Last night’s Bent Frequency concert, “Lines, Broken,” was among the best that I’ve had the pleasure of attending. Originally scheduled to be held at Eyedrum’s downtown space, because of the fire it was held at the First Existentialist Congregation of Atlanta in Candler Park. I recall how the space seemed to mute the sound somewhat at a Chamber Cartel performance that I attended there back in 2015 but, for some reason, the sounds of last night’s performance resonated throughout the intimate venue quite well.
The program began with Elainie Lillios’ “Hazy Moonlight” for soprano saxophone, percussion, and electroacoustic sounds. The parts for sax and percussion were very interesting and enjoyable, but the electroacoustics sounded like nature sounds from a really bad noise machine and they never really meshed with the purely acoustic portions of the piece in a satisfying way for me. Because of this, the performance felt somehow more enjoyable than the piece itself was.
This was followed by the evening’s guest artist, soprano Rebekah Alexander, performing John Cage’s “Aria with Fontana Mix.” Like much of Cage’s work, the piece is designed to allow numerous factors to change how it comes out. In this case, the score is a bunch of colorful, curvy lines that the performer may interpret as they see fit. There are also a series of 16 black squares that denote “non-musical” vocal noises. The Fontana mix is an four channel electroacoustic tape that Cage has used with a number of his compositions. Prior to performing, Alexander gave an introduction to the work and showed the score to us. Her performance of the piece was a lot of fun. I loved how all of the desperate sounds came together to form a kind of anomalous whole and her approach was definitely engaging.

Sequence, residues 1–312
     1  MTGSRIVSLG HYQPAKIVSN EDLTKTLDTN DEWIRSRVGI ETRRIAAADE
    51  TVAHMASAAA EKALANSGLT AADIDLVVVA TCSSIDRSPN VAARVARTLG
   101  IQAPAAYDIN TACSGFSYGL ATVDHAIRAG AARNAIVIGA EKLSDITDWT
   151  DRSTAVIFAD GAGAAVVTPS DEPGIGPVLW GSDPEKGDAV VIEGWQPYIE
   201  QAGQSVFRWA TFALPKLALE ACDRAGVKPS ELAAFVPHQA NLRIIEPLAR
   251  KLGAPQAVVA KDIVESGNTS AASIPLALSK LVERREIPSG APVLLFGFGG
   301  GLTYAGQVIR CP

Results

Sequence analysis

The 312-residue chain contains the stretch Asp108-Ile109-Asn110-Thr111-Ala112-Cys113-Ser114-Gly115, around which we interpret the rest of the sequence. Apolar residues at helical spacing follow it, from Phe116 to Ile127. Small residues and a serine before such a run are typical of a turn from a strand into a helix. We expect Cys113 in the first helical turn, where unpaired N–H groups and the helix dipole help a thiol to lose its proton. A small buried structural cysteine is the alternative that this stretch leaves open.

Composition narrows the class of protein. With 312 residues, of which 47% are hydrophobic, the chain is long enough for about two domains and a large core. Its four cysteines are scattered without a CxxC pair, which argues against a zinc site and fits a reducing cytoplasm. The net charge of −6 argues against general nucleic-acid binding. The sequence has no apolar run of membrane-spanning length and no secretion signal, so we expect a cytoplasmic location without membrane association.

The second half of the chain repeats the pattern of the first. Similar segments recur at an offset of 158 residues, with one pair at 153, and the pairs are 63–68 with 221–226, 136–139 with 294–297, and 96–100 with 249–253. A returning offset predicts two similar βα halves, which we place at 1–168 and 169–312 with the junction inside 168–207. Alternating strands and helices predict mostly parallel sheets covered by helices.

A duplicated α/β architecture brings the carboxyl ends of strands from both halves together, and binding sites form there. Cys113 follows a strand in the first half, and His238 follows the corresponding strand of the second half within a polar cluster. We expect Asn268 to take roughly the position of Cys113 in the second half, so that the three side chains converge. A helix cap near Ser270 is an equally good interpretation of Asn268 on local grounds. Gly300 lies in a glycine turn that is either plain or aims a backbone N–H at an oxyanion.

Taking its name and inspiration from Niloufar Talebi’s translation of Nader Nadepour’s Persian poem entitled “Point and Line,” John Liberatore’s “a line broken, traced” was like a very enjoyable journey scored for alto sax and percussion. The first movement was really interesting to me as I got an impression of tripping or stumbling without it being reflected in the rhythmic patterns of the percussion.
Closing the program was a selection of five movements from “Tombstones” by Michael Pisaro: New Orleans; Tombstone; Why; It Doesn’t Matter; and Time May. Each had a small snippet of a lyric from other songs sung by Alexander with accompaniment of piano, baritone saxophone, percussion and, in the first movement, bowed piano strings. This was more beautiful than I had expected from the program notes. Each piece was like a memorial to the idea behind some song represented by just the lyric fragment. I found that concluding with Time May, using a line from David Bowie’s “Changes”, was very satisfying: it sounded lost and confused, almost like it was struggling to find its way back into relevance.